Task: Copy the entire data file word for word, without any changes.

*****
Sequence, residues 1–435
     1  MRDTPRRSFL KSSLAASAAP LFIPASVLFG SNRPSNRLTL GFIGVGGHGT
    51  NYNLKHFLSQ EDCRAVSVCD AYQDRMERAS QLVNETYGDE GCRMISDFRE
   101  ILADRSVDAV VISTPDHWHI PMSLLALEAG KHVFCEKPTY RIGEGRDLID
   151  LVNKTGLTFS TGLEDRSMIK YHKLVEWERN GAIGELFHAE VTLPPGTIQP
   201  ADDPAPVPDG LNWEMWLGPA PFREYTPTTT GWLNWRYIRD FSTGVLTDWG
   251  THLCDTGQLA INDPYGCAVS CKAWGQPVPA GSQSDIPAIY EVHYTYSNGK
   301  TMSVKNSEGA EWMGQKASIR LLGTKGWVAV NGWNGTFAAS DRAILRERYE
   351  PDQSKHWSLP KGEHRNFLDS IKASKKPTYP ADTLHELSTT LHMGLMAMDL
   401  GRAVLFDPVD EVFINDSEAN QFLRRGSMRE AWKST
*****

Sequence, residues 1–435
     1  MRDTPRRSFL KSSLAASAAP LFIPASVLFG SNRPSNRLTL GFIGVGGHGT
    51  NYNLKHFLSQ EDCRAVSVCD AYQDRMERAS QLVNETYGDE GCRMISDFRE
   101  ILADRSVDAV VISTPDHWHI PMSLLALEAG KHVFCEKPTY RIGEGRDLID
   151  LVNKTGLTFS TGLEDRSMIK YHKLVEWERN GAIGELFHAE VTLPPGTIQP
   201  ADDPAPVPDG LNWEMWLGPA PFREYTPTTT GWLNWRYIRD FSTGVLTDWG
   251  THLCDTGQLA INDPYGCAVS CKAWGQPVPA GSQSDIPAIY EVHYTYSNGK
   301  TMSVKNSEGA EWMGQKASIR LLGTKGWVAV NGWNGTFAAS DRAILRERYE
   351  PDQSKHWSLP KGEHRNFLDS IKASKKPTYP ADTLHELSTT LHMGLMAMDL
   401  GRAVLFDPVD EVFINDSEAN QFLRRGSMRE AWKST